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The Voice of the Black Community

Life and Religion

Addressing mental health in the black community
Don't ignore warning signs of distress
Published Thursday, April 27, 2017 5:18 pm
by Kristina Houseworth

Mental illness does not discriminate.

African Americans share the same mental health issues as the rest of the population.  Yet, mental health remains a taboo topic of discussion within the black community. According to the Health and Human Services Office of Minority Health, African Americans are 20 percent more likely to experience serious mental health problems than the general population.

Fonda Bryant, a volunteer with the National Alliance on Mental Illness Charlotte who was recently elected to the state board, addresses stigmas, suicide awareness, and other issues in relations to black mental health.  Bryant uses her personal story of overcoming severe depression and suicide attempts to bring awareness on mental illnesses.  Bryant, the daughter of the legendary rhythm and blues singer Johnnie Taylor, describes the moment when she contemplated suicide.

“It was 1995,” she said. “I was a pharmacy technician at a local hospital.  Though I don’t do drugs or alcohol, I just wanted to sleep and not have to worry anymore.  I planned to mix alcohol and muscle relaxers together.”

Before ingesting her lethal mixture, Bryant called her aunt who was more like a sister because how close they were in age.  Bryant told her aunt, “You can have my shoes.”  Immediately, she knew something was wrong and called authorities. It saved Bryant’s life.  

Over 41,000 people die by suicide each year in the United States.  The signs are always there said Bryant. While each mental illness has its own characteristics, some warning signs include marked personality change, excessive anxieties, prolonged depression, excessive anger, hostility, and abuse of alcohol or drugs.  Anxiety is the top mental health disorder followed by depression.  Statistics are loud but conversation is silent.

Common mental health disorders among African Americans include: anxiety, depression, attention deficit hyperactivity disorder suicide among young males and posttraumatic stress disorder because African Americans are more likely to be victims of a violent crime.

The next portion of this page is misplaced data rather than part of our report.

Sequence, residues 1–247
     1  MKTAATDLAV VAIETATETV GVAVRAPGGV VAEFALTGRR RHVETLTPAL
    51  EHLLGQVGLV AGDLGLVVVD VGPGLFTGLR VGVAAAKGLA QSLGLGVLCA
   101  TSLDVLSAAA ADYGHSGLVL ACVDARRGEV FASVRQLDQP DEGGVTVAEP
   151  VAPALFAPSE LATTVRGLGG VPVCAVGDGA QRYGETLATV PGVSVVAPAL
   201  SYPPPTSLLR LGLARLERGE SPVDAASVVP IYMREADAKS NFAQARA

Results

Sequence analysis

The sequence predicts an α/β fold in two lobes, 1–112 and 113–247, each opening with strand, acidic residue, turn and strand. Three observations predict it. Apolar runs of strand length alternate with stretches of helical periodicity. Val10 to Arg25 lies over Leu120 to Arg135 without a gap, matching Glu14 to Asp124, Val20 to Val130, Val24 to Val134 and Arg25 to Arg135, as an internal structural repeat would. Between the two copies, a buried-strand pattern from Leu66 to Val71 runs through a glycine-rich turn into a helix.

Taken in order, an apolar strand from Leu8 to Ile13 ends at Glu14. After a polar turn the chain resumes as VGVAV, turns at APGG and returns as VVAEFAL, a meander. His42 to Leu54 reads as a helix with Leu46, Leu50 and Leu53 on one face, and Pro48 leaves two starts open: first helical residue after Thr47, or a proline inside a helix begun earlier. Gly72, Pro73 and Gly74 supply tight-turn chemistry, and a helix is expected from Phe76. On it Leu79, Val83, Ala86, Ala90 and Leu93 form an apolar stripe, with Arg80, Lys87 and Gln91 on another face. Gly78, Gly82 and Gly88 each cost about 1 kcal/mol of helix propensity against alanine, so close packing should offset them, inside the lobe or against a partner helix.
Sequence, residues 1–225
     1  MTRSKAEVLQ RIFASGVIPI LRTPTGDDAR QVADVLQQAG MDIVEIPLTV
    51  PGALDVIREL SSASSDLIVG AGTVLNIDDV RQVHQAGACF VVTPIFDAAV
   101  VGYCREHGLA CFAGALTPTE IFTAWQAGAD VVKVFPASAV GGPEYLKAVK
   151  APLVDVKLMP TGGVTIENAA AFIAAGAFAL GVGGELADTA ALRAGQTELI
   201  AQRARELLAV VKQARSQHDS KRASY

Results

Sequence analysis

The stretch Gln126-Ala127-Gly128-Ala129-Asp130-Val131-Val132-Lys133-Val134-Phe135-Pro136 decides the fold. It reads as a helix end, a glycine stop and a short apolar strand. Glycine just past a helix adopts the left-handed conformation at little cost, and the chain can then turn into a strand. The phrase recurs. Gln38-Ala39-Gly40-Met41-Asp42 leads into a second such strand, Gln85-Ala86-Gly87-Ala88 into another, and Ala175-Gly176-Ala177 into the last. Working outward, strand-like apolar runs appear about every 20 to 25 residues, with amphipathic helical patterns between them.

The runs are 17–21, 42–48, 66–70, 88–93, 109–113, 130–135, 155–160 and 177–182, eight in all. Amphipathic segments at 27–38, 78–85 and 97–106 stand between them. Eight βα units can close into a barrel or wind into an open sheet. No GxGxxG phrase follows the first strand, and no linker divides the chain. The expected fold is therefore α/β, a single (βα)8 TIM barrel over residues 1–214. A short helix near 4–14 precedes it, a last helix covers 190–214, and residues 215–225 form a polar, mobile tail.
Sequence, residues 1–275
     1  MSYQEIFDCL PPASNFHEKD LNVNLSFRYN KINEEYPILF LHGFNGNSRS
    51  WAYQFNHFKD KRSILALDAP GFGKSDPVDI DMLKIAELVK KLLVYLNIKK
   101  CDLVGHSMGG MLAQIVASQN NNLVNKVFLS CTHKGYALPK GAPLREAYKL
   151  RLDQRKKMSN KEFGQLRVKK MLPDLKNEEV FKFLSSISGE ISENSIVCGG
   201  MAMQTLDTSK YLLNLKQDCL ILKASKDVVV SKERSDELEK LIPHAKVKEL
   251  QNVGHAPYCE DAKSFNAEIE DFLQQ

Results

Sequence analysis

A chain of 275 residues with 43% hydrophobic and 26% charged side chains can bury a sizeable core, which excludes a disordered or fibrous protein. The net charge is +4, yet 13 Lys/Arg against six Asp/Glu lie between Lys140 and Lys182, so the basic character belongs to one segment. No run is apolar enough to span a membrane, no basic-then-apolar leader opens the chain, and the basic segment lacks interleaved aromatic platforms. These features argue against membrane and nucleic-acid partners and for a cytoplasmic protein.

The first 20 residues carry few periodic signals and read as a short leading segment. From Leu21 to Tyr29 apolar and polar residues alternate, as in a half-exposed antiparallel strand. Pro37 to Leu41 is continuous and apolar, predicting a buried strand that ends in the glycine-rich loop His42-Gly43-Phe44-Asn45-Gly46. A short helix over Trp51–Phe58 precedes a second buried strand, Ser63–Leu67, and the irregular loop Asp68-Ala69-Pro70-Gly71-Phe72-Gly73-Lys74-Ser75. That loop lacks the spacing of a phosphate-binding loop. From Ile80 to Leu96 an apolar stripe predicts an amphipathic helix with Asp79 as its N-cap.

The root of black mental health stems from the history of slavery in the United States as the dehumanization of African slaves was the initial trauma.

Dr. Joy DeGruy in her book “Post Traumatic Slave Syndrome” indicates African Americans never healed from the scars of slavery, which included family separation, rape, violence, death and racism.  DeGruy coined the term post-traumatic slave syndrome in her research explaining the consequences multigenerational oppression and racism and explains the difference between PTSS and PTSD, which results from a single trauma experienced directly or indirectly.

“When we look at American chattel slavery, we are not talking about a single trauma; we’re talking about multiple traumas over lifetimes and over generations,” DeGruy writes.  

The black community is plagued with stigmas about mental health, which Bryant says is the reason people don’t seek help.  Some stigmas are so small or simple like the compelling urge for black men and women to never show fear, as it is interpreted as a sign of weakness. Other stigmas include racial disparities such as unemployment, poverty, being violent, criminals, and lazy. 65 percent of black people feel mental health is a weakness.

Lack of resources and life stressors are other issues to consider among mental health challenges. One out of four adults suffer and 1 out of 5 children suffer from a mental health condition. High poverty rates increase the likelihood of mental health issues.  The World Health Organization projects that depression will surpass cancer, AIDS and heart disease as the leading cause of death.

Access to affordable mental health treatment may be difficult, along with culturally-competent providers when seeking help. Only 3.7 percent of members in the American Psychiatric Association are African American.

If you or someone you know needs help, call Mobile Crisis Team: 704–566–3410
Suicide Prevention: 800-273-8255 (Talk)


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